Today, the autumn equinox, is six months without Ana. I’ve been watching the seasons up close in a way that I never have before. I sit outside (almost) every day and stare at the trees, wait for birds, take stock of the light, and imagine Ana is beside me. Sometimes I feel so peaceful that I’m sure she’s there. Sometimes I just…cry.
There are moments when it feels like no time has passed, like I might get a text from her or see her looking out at me from her bedroom window–now, my office window–as if all of this never happened, as if Ana didn’t draw the short straw. And, sometimes, it feels like an impossible number of days have passed–days filled with routines and tasks that don’t include her.
I don’t know how to reconcile this paradox of time. Ever since Ana died, I’ve felt a sense of unreality about my life and the world in general, but especially time. The feeling was strongest in the days and weeks immediately after Ana died. I read somewhere that this feeling of unreality (or numbness?) was my mind’s way of protecting me from the intense trauma of such a huge loss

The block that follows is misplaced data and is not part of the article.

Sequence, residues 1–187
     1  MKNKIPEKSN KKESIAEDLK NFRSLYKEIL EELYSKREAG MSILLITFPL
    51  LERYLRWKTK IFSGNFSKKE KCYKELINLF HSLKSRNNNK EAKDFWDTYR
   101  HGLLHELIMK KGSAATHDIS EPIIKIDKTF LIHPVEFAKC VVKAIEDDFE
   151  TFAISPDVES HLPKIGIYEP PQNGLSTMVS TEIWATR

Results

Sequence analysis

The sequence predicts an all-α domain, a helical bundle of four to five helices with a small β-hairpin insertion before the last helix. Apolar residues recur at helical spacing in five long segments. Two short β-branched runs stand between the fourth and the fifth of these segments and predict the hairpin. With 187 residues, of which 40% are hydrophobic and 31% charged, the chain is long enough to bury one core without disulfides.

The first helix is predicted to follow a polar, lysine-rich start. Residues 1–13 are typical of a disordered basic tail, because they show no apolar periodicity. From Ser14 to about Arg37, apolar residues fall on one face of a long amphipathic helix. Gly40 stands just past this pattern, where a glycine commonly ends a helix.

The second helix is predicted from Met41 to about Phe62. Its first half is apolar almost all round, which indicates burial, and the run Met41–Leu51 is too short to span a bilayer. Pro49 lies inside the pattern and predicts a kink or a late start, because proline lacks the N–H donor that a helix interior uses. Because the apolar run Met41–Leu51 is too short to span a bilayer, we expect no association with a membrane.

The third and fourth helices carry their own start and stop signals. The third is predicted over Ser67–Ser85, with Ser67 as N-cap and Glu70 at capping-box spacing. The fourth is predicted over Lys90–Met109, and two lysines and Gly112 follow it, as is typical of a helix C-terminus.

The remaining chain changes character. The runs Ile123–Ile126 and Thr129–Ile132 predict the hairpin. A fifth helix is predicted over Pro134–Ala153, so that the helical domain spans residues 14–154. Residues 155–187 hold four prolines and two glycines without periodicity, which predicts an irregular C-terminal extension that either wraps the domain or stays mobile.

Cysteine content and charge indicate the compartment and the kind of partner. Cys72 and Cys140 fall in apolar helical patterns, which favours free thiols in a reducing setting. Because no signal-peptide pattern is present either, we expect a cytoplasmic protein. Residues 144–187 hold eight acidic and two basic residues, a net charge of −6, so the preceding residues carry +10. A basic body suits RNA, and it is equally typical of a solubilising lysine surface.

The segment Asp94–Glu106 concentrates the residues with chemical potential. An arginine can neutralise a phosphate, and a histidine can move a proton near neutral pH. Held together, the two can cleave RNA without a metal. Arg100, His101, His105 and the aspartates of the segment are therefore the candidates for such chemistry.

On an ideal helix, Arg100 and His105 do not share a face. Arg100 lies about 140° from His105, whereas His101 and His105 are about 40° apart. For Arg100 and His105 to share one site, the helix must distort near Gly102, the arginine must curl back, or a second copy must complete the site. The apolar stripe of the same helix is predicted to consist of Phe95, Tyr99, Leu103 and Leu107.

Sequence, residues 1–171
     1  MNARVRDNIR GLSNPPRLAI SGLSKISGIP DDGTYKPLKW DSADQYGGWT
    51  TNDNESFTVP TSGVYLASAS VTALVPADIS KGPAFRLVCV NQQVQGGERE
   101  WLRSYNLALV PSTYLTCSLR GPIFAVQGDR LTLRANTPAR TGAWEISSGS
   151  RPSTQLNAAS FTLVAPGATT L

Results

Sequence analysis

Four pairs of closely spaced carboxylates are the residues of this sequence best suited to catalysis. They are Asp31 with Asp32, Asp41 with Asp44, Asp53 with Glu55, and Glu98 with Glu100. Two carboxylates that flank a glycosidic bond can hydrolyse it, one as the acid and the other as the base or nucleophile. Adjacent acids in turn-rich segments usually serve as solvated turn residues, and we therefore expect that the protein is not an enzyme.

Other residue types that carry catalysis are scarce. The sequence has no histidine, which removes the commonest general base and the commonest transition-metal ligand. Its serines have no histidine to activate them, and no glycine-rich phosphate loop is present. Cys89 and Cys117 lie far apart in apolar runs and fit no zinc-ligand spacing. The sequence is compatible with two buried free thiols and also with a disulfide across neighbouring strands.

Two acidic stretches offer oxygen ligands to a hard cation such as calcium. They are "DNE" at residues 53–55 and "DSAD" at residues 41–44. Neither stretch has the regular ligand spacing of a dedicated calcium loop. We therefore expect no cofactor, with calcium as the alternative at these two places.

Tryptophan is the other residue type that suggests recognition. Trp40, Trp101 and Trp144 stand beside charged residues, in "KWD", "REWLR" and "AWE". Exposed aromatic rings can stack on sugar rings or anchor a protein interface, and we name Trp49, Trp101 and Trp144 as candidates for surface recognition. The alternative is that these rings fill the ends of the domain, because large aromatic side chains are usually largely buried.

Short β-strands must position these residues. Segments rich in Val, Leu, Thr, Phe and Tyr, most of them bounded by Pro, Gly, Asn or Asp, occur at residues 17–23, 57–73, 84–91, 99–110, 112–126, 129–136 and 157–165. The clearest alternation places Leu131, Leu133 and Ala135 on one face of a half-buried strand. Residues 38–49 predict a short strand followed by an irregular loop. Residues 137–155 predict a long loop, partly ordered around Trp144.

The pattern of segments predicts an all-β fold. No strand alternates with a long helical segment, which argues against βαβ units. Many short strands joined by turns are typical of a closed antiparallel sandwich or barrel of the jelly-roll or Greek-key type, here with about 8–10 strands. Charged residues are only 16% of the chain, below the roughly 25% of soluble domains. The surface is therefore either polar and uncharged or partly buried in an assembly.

But…I don’t know. I still feel as though time doesn’t fit quite right. It doesn’t make sense in an absolutely linear way like it did when I assumed that my children would outlive me and the seasons of Ana’s life would follow each other forever (at least, from my perspective).
This is my forty-sixth autumn equinox, but it doesn’t feel like another autumn is here. It feels like it’s the same autumn I’ve been experiencing my entire life. The seasons have stopped for Ana and so, in a way, I feel as if they’ve stopped for me. Maybe it would be easier if I lived in a place where the transition between seasons wasn’t so pronounced. Then again, maybe it would be worse–maybe an endless spring or autumn would remind me that Ana will never dip her finger into that tin of lip balm again or burn the untouched incense in her shelves or light the purple candle that sits on her bedside table. To live is to consume. It’s what our bodies need to do. The stillness that has replaced Ana is what hurts the most right now.
But, you know, I think it’s okay if I stay in this stillness with her forever. At least partially. I think (hope) that accepting that stillness is Ana’s reality (and one day it will be my reality) might be how I learn to move through time again.